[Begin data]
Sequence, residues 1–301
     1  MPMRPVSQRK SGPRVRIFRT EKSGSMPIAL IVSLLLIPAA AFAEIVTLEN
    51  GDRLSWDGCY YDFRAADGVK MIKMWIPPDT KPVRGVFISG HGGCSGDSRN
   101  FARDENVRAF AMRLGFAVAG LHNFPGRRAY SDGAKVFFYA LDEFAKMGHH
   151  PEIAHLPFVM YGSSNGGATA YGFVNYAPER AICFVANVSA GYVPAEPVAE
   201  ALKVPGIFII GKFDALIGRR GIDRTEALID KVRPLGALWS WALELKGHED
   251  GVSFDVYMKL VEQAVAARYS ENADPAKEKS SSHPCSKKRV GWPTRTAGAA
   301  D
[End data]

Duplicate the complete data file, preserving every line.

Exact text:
Sequence, residues 1–301
     1  MPMRPVSQRK SGPRVRIFRT EKSGSMPIAL IVSLLLIPAA AFAEIVTLEN
    51  GDRLSWDGCY YDFRAADGVK MIKMWIPPDT KPVRGVFISG HGGCSGDSRN
   101  FARDENVRAF AMRLGFAVAG LHNFPGRRAY SDGAKVFFYA LDEFAKMGHH
   151  PEIAHLPFVM YGSSNGGATA YGFVNYAPER AICFVANVSA GYVPAEPVAE
   201  ALKVPGIFII GKFDALIGRR GIDRTEALID KVRPLGALWS WALELKGHED
   251  GVSFDVYMKL VEQAVAARYS ENADPAKEKS SSHPCSKKRV GWPTRTAGAA
   301  D